Democrat Commissioner Earlean Collins easily defeated Green candidate Ronald Lawless in Cook County’s 1st District, which covers parts of Chicago’s West Side, including Austin, Bellwood, Broadview, Maywood and Oak Park.
Despite criticism from her opponent of her support for outgoing President Todd Stroger’s 2008 penny-on-the-dollar county sales tax hike and complaints that she’s not visible in the district, Collins pulled off a decisive win with 86 percent of the vote.
Collins won 67,274 votes, while Lawless had 10,908 votes. In the city, Collins swept all 10 of the wards that touch the 1st District, garnering 41,136 votes to Lawless’ 3,957, according to the Chicago Board of Elections. In suburban Cook County, the Democrat won 26,138 votes to the Green candidate’s 6,950, according to the Cook County Clerk’s office.
Lawless said he knew going into the campaign that the district heavily favored Democrats, but he thought a financially troubled county budget and Collins remaining largely out of sight would help him.
“Collins has spent her time on the board doing little more than picking up a paycheck,” said Lawless, an educational consultant, whose billboards dotted the West Side. “People want more for their votes, they want a representative who comes around even when it’s not Election Day.”
The Austin native said Collins was never interested in debating the issues and stayed quiet through out the campaign.
Statewide, Green candidates had trouble winning much support, proving that the party is not yet a viable alternative for voters, said Dick Simpson, head of the political science department at the University of Illinois at Chicago.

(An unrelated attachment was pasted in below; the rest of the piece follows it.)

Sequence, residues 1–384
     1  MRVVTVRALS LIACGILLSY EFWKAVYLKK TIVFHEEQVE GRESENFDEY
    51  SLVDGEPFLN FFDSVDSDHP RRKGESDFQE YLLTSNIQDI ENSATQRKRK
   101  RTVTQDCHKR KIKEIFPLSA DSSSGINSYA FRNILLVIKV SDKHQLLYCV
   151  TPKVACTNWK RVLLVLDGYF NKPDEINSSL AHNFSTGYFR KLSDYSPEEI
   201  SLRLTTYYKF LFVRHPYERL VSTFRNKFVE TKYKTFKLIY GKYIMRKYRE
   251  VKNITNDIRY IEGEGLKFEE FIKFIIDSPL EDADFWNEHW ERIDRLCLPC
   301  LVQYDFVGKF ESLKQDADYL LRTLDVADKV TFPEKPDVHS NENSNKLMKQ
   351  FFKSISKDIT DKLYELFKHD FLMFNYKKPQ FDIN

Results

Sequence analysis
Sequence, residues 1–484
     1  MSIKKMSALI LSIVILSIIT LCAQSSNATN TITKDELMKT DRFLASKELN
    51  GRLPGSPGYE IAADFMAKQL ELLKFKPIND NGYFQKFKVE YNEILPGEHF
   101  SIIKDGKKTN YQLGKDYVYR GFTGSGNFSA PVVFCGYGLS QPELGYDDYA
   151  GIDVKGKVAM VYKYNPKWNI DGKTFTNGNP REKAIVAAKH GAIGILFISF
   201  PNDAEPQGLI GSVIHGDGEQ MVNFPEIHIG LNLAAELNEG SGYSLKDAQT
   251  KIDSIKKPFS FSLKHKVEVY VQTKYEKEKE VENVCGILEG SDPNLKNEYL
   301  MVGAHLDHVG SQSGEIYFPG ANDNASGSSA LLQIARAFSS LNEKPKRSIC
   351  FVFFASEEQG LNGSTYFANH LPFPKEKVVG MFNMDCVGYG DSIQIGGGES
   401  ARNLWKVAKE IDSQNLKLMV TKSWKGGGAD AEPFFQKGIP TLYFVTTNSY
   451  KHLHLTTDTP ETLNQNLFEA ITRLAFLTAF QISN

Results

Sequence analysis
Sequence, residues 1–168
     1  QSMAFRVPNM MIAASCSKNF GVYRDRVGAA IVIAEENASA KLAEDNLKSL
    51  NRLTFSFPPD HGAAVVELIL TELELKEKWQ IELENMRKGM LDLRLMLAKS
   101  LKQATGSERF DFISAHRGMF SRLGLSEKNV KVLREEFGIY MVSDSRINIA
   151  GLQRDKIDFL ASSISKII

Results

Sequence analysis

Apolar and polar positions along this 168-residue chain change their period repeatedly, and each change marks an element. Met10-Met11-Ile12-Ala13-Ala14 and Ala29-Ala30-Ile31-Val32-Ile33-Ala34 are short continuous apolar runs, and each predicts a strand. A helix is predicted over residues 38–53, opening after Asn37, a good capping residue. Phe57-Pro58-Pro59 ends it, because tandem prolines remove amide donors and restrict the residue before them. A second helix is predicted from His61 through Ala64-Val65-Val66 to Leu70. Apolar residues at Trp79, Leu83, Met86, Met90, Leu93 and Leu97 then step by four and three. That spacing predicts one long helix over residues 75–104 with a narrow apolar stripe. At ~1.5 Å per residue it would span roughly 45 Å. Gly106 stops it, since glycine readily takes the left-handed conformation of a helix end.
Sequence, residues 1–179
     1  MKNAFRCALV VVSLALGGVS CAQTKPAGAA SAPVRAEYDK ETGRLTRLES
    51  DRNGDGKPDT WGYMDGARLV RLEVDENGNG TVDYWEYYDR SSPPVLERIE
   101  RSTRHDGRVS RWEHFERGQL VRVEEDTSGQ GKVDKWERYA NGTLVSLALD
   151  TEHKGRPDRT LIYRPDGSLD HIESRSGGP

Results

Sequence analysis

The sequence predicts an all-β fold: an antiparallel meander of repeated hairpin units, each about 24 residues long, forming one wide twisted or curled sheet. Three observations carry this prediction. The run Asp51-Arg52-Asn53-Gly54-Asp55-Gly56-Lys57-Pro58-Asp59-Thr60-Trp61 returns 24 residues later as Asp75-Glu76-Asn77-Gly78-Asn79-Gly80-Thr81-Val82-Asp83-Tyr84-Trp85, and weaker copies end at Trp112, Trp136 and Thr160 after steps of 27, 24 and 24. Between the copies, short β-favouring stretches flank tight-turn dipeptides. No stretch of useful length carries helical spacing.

“Collins was able to win because the support of the Democratic Party is strong in her district,” Simpson said. “Even though Lawless ran a strong race, in general, the Green Party was not strong enough to off-set the strength of the Democratic Party.”
But some Green Party supporters were just happy to get on the ballot.
“We got enough of the vote to retain our third-party status in the area,” said Bruce Samuels, an Oak Park resident and Lawless supporter. “It’s hard to build a third party, but we will keep trying to win elections and educate the public.”
David Morrison, associate director of the Illinois Campaign for Political Reform, said despite Collin’s lack of campaigning, which included no campaign Web site or e-mail contact, that her name recognition was enough to get voters to stick with her.
“The name Collins holds a lot of respect in that part of town,” Morrison said. “The voters will go with who they know.”
Collins, first elected commissioner in 1998 after 21 years in the Illinois Senate, did not return phone calls over the last week and refused to answer questions both on election night and at the Cook County Commissioners Board meeting Wednesday.
“I’m too busy here,” Collins said on election night, as she sat with a group of her supporters waiting for the votes to be tallied after the polls had closed. Collins said she would make time to speak with the press at the board meeting the next day, but she again declined to comment Wednesday.
“I’m too busy with my meeting,” Collins said when asked what her top priorities would be for her district over the next four years.
Collins voted to uphold the historic 2008 cook county sales tax increase, a vote that newly elected Cook County Board President Toni Preckwinkle will have a chance to consider repealing when she’s sworn in Dec. 6 along with 17 commissioners. The board must also grapple with how to plug an almost $300 million deficit in its annual $3 billion budget, according to a new report from The Civic Federation.